Hue’s Reviews: Ian Kelly’s Casanova

The story of Casanova writes as myth outweighing reality. In his time, he rattled pearls and purses as he swaggered through eighteenth century societal balls and beds, leaving intrigue to knock on my door.

Giacomo Casanova begins his life as a young cleric, only to begin a scandalous affair with a married woman and forced to run to Constantinople. From there, he creates scandal after scandal as he shares his travelogues and conquests with men and women. Escaping jail, meeting people centuries from infamy, and raking lovers, far from a gentleman, he leads an interesting yet disarming life (Two moments he describes would be considered rape).

Thankfully, Benedict Cumberbatch holds my attention (as if I’d turn away…pssh…) because Casanova’s exploits feel quite creative, almost imagined, leading me to seek other pleasure. I guess for his lovers he came off as delectable and charming (Denial on my part…maybe).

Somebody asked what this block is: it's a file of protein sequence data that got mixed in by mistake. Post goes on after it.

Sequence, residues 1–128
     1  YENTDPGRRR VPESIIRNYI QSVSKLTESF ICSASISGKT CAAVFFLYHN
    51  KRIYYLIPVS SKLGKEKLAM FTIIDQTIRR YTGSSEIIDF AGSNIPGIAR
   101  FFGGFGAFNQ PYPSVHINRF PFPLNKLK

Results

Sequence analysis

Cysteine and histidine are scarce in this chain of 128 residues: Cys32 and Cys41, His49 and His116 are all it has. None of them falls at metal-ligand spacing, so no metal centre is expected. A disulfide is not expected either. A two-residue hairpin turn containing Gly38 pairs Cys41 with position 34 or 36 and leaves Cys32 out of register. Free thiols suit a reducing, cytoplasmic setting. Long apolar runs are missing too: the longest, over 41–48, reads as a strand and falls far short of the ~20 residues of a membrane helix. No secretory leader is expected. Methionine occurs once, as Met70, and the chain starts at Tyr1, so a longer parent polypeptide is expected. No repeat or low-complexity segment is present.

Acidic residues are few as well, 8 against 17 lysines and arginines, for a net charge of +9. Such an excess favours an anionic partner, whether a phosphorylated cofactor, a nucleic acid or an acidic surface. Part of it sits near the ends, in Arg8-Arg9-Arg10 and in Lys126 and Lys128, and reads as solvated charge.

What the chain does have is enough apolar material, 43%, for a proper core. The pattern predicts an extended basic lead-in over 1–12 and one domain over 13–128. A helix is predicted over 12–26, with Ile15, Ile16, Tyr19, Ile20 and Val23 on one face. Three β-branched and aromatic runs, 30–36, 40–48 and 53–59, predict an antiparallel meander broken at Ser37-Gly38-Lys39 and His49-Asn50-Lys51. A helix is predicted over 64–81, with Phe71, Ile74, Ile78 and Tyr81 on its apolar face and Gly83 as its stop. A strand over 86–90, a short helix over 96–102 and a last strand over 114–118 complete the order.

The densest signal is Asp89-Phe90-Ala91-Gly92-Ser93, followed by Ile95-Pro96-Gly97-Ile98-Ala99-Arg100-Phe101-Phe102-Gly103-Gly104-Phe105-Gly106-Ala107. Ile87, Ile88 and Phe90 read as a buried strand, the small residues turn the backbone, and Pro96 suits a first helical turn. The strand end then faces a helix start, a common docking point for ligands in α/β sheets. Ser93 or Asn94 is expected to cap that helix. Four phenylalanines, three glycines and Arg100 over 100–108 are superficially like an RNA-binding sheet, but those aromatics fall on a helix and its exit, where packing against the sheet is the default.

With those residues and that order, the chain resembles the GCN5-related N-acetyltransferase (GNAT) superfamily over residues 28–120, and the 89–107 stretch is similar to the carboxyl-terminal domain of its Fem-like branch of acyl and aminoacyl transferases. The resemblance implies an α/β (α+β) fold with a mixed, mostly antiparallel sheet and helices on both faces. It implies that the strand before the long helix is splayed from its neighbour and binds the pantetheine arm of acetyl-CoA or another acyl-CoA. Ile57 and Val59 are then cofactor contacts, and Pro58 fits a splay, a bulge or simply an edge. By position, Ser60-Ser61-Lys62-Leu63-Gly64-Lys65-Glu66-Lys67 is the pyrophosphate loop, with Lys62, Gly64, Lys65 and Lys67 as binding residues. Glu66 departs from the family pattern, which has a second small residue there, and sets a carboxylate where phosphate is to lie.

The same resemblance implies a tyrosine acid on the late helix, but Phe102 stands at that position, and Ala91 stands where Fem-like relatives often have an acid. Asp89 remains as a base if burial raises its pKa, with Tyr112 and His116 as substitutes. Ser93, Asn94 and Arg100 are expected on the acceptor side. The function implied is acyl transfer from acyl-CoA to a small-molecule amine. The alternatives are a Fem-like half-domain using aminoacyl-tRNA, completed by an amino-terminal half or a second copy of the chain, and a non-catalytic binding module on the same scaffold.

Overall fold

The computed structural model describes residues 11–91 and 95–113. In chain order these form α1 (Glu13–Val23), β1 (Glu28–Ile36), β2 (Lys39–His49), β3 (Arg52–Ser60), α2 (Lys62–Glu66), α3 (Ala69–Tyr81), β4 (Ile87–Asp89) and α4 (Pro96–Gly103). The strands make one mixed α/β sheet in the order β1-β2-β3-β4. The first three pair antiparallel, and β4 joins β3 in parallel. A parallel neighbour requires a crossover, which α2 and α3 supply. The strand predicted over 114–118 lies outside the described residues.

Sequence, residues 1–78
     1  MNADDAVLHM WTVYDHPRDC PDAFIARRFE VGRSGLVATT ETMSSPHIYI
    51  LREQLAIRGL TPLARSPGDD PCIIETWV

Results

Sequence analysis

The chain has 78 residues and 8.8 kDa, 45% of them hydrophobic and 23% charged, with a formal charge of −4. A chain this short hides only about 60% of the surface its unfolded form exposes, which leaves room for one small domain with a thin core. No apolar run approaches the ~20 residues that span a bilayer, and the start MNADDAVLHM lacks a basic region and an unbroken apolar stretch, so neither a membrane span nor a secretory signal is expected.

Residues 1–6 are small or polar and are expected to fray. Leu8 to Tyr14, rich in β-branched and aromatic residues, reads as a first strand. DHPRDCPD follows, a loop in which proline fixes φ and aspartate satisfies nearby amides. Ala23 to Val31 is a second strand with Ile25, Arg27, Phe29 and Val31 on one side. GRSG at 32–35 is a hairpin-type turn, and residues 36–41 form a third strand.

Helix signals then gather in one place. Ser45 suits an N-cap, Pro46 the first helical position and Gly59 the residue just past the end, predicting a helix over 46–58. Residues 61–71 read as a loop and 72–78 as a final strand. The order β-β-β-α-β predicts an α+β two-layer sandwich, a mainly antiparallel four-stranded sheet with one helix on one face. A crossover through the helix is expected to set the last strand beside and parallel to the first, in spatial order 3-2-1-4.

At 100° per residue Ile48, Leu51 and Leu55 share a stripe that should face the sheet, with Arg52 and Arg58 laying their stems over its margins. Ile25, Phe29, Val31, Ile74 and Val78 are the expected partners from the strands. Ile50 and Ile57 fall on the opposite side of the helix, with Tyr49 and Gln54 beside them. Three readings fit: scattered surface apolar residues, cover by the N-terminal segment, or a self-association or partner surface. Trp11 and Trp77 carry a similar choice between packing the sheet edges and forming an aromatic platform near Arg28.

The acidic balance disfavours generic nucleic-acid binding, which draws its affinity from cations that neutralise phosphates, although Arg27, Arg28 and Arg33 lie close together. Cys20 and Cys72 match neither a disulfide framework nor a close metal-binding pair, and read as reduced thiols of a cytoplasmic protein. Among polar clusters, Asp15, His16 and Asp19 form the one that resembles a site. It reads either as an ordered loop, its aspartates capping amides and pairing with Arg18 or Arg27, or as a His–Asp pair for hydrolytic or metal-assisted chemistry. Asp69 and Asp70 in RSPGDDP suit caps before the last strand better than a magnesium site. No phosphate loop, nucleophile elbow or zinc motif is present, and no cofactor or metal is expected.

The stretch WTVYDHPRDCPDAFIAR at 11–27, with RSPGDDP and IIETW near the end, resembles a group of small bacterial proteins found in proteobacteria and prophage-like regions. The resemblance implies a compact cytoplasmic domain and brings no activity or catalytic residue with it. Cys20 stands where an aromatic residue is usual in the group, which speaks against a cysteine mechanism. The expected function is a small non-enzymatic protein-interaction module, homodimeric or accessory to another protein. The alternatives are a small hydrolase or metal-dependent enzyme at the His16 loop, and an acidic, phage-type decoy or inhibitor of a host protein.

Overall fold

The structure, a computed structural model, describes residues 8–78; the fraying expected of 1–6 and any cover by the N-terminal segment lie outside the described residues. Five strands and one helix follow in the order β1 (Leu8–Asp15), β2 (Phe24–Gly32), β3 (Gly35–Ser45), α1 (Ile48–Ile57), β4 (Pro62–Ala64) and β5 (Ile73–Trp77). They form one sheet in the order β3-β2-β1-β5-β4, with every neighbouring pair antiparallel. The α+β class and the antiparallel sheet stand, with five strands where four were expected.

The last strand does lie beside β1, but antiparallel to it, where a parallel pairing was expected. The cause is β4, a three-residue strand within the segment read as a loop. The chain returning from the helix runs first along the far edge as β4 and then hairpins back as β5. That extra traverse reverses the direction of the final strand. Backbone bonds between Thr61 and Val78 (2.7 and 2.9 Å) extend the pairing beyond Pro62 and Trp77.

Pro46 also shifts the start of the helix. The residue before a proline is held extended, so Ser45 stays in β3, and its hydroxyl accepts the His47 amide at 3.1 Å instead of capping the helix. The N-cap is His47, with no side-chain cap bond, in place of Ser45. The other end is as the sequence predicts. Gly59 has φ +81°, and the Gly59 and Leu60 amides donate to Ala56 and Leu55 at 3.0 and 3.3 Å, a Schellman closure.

To wander eighteenth century Europe without need for a passport enthralled me. But, to me, he’s a hustler, drunken off his on playboy buffoonery: one of which I cannot hide my curiosity.

The first half intrigues, but prepare for an inevitable slowdown dragging the pace. Nevertheless, I cannot lie. For his charm and wit alone, lie back (cheeky) and have a read or listen. Then, have a go with someone close. He would have wanted it that way.

Benedict Cumberbatch: Yum, er, 5/5. I love that man.

Casanova: 3/5 and me a cold shower

…let me think about it…

2 thoughts on “Hue’s Reviews: Ian Kelly’s Casanova

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